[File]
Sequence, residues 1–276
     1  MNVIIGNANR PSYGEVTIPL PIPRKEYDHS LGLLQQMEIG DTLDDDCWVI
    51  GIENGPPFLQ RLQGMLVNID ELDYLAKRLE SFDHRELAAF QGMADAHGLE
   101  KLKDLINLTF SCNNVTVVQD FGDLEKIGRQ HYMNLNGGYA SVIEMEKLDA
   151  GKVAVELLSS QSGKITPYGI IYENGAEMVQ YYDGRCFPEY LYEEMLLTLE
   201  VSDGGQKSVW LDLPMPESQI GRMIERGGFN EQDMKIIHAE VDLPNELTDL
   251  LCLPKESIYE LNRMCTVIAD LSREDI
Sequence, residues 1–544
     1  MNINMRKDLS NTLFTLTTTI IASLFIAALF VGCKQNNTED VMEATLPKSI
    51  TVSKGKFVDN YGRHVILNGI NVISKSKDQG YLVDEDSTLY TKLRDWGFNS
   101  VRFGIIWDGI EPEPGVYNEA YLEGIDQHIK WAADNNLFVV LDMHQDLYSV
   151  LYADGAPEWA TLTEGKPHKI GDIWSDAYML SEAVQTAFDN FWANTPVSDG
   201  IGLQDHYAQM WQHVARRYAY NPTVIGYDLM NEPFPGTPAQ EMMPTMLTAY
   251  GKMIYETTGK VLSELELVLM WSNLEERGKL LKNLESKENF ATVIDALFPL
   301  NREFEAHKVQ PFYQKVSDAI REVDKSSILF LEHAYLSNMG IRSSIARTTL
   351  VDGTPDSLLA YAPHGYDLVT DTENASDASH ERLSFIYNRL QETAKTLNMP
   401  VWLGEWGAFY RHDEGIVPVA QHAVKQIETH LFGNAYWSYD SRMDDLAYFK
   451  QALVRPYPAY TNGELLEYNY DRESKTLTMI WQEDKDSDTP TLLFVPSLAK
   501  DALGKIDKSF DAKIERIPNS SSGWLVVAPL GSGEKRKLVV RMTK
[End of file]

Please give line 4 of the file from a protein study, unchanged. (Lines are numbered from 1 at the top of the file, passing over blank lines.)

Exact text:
   101  KLKDLINLTF SCNNVTVVQD FGDLEKIGRQ HYMNLNGGYA SVIEMEKLDA